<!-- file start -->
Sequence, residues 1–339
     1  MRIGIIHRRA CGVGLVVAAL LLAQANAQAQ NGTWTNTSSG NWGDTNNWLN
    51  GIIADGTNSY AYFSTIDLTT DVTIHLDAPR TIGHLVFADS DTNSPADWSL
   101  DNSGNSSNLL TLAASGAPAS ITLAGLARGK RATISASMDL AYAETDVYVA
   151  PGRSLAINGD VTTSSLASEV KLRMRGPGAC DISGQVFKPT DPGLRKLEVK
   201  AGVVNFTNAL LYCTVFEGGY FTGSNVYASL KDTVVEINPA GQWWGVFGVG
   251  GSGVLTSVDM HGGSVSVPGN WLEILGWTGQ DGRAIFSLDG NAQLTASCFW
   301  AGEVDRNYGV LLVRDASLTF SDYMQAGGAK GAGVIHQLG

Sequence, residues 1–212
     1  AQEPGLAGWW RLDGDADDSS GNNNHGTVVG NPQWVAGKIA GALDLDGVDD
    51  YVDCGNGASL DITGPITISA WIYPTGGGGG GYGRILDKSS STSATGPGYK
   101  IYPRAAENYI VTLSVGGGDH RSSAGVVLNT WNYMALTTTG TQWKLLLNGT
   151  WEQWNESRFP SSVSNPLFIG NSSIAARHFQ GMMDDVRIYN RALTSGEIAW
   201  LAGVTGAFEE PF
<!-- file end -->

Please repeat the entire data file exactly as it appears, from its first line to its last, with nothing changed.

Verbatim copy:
Sequence, residues 1–339
     1  MRIGIIHRRA CGVGLVVAAL LLAQANAQAQ NGTWTNTSSG NWGDTNNWLN
    51  GIIADGTNSY AYFSTIDLTT DVTIHLDAPR TIGHLVFADS DTNSPADWSL
   101  DNSGNSSNLL TLAASGAPAS ITLAGLARGK RATISASMDL AYAETDVYVA
   151  PGRSLAINGD VTTSSLASEV KLRMRGPGAC DISGQVFKPT DPGLRKLEVK
   201  AGVVNFTNAL LYCTVFEGGY FTGSNVYASL KDTVVEINPA GQWWGVFGVG
   251  GSGVLTSVDM HGGSVSVPGN WLEILGWTGQ DGRAIFSLDG NAQLTASCFW
   301  AGEVDRNYGV LLVRDASLTF SDYMQAGGAK GAGVIHQLG

Sequence, residues 1–212
     1  AQEPGLAGWW RLDGDADDSS GNNNHGTVVG NPQWVAGKIA GALDLDGVDD
    51  YVDCGNGASL DITGPITISA WIYPTGGGGG GYGRILDKSS STSATGPGYK
   101  IYPRAAENYI VTLSVGGGDH RSSAGVVLNT WNYMALTTTG TQWKLLLNGT
   151  WEQWNESRFP SSVSNPLFIG NSSIAARHFQ GMMDDVRIYN RALTSGEIAW
   201  LAGVTGAFEE PF